‘Olympia’, by Manet (1863), which may be seen below, shows a courtesan greeting her client to the French Salon. The jury for the 1865 Salon accepted this painting despite their disapproval of the subject matter, because two years earlier, Manet’s Luncheon on the Grass created such a stir when it was rejected from the Salon. It was instead exhibited in Emperor Napoleon III’s conciliatory exhibition—the Salon des Réfusés, or the Exhibition of the Refused. Crowds came to the Salon des Réfusés specifically to laugh and jeer at what they considered Manet’s folly. They were afraid another rejection would seem like a personal attack on Manet. The reasoning was odd, but the result was the same – Olympia became infamous and the painting had to be hung very high to protect it from physical attacks. Manet was a Realist, but sometimes his ‘real’ situations shocked and rocked the Parisian art world to it’s foundations. His later work was much tamer. The choker around the neck and the way the nude lady is confronting the viewer, with her gaze, are clues that the painting is of a prostitute.
So, for many years….
- Women have become the object of desire for the spectator (men).
- The process of looking has become one of ownership.
- Painted female figures are complicit in their own objectification.
- In the art form of the European nude, the persons treated as objects, were usually women. This unequal relationship alarmingly has been so deeply embedded in our culture and still actually exists today in the 21st Century, to some extent.
So, I conclude that my historical research, as well as the hands on group human research, of current fashion magazines, was very important to me because when I design fashion collections, I feel it is of utmost importance for me to design for all sizes, not just for size 8s for instance. A year and a half ago I designed a collection for many different sizes and also different ages too. The oldest model was 72 years of age. A fashion show was presented and it made the local newspaper too. It is in my opinion essential to make all women feel good, regardless of their size or age.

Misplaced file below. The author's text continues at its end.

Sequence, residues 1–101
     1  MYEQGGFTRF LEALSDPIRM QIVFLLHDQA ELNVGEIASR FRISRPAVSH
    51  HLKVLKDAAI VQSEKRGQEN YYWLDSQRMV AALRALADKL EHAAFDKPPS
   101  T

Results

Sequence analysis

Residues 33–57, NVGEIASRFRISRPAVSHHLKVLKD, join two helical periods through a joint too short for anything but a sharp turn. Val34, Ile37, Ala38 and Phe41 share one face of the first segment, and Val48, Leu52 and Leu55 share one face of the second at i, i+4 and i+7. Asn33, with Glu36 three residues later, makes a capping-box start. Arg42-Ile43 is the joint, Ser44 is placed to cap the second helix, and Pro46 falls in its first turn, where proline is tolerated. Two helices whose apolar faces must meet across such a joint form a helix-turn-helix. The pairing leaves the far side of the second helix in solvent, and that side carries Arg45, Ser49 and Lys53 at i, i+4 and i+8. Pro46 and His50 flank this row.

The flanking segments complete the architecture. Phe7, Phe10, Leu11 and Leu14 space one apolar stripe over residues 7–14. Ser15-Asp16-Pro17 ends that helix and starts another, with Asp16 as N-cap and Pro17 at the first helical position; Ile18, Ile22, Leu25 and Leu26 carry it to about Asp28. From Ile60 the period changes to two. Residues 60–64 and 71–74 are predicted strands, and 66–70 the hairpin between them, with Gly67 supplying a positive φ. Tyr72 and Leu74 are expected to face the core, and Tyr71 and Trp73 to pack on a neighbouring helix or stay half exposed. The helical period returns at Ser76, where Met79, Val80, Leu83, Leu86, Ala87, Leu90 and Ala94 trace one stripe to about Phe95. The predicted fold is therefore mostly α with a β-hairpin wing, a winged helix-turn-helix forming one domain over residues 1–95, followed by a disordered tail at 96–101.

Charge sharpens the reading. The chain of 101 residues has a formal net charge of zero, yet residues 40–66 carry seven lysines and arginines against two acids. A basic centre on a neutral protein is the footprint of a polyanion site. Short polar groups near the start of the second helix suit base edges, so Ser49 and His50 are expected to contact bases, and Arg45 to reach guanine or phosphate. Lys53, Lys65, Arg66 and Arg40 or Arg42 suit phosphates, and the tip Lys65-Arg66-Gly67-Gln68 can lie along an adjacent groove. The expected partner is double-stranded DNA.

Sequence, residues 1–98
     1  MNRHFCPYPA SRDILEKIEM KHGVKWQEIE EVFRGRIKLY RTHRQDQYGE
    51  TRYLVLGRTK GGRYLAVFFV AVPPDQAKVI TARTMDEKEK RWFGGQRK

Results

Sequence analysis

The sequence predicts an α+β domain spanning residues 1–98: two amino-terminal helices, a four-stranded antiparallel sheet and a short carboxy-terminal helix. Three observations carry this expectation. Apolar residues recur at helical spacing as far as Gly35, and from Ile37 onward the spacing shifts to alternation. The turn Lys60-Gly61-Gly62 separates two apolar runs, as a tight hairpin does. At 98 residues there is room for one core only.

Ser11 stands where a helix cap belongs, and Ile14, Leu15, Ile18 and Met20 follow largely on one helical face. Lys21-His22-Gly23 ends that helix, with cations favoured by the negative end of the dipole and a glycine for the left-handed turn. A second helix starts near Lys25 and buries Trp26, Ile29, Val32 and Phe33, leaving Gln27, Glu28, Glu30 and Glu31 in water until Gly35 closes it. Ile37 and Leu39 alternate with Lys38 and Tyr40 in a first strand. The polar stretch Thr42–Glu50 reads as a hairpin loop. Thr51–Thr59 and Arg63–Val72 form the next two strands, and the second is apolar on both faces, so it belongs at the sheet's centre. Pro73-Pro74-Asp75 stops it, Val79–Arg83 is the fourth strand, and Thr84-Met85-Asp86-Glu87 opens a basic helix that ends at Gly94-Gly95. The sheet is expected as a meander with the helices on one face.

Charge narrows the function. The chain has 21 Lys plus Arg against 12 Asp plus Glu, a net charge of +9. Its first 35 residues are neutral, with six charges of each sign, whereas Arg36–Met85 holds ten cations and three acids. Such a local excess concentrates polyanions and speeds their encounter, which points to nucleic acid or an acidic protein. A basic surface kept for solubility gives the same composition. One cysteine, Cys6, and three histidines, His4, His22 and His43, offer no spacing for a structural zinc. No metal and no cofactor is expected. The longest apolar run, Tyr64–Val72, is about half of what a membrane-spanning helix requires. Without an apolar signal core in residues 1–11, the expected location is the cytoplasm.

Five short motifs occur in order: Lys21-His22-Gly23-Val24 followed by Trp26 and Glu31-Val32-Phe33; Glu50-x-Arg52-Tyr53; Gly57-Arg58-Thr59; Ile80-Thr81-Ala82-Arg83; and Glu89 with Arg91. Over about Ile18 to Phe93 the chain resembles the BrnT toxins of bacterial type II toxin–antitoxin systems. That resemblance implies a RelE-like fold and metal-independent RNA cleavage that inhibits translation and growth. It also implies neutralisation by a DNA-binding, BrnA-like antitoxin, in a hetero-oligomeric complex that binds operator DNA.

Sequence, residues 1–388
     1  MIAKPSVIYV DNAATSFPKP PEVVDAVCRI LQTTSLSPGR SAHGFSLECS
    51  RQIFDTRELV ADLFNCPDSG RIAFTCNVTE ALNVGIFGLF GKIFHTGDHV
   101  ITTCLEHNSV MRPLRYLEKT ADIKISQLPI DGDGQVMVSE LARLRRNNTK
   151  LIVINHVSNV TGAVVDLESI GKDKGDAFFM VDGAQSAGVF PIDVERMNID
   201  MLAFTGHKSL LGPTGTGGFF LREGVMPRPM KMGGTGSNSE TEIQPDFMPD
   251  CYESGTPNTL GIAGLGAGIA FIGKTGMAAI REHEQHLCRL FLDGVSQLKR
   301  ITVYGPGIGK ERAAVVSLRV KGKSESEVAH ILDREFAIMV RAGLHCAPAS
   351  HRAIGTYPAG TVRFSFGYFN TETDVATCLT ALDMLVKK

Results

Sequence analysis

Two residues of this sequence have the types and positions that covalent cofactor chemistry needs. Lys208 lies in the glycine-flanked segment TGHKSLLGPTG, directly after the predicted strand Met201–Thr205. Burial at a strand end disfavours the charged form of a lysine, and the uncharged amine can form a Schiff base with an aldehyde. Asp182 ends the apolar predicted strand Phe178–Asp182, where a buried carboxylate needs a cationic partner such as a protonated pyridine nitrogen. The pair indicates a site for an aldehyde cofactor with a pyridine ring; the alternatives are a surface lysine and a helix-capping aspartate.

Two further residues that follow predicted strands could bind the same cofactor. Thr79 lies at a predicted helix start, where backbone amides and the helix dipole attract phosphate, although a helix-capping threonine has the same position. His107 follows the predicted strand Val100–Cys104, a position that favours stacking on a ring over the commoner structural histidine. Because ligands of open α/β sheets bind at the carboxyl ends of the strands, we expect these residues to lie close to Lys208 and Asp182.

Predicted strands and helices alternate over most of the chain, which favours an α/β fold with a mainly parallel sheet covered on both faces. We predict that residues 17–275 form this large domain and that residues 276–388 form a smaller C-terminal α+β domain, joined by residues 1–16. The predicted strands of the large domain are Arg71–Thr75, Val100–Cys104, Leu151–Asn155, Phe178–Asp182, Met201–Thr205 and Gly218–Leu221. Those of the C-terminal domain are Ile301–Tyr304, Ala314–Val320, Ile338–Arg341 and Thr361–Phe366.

As a result of my conclusion, I intend to do further work in this area, as I feel many designers still to this day only show off their clothes with very young and slim models. This is not a realistic representation of the people in our world. Females, as well as males, are all different shapes, sizes, colour and age. That’s what makes us unique and it should be celebrated. As stated by Bailey S. (2014) in ‘Visual Merchandising For Fashion’, it’s ‘about creating a story that customers will want to buy into.’ Sarah Bailey has been a course director of the B.A. Hons. Fashion Visual Merchandising & Branding Degree Course at the London College of Fashion. Through reading this book and other literature, I admire her views very much. Diversity, in my opinion, is starting to be celebrated in some fashion adverts but I personally feel much more work needs to be done in this area to give all women body confidence. This winter season (2019), I visited the Nike Store (Oxford Street, London) and I was delighted to see garments on male and female mannequins, in a variety of sizes up to size 16. In my opinion, they are at the cutting edge of fashion and are clearly celebrating diversity and appealing to everybody. Their visual merchandisers, as far as I am concerned, are legends.
It’s the only store though on Oxford Street which I had seen do this. In my opinion, this good practise needs to be spread more widely. I am going to speak to another M.A. student who works there to see if he knows the story behind the progress of these mannequins and to also speak to a visual merchandising member of staff there too. Goq Wan, a fashion consultant, author and T.V. presenter is one of my idols, as he has started to do work in women’s body confidence. He knows how to make women feel good, regardless of their size or age. I intend to make contact with him very soon, so I can conduct an interview and hopefully shadow him for a day and share ideas.
Bailey S. (2014) ‘Visual Merchandising For Fashion,’ Bloomsbury Pub. (P.148)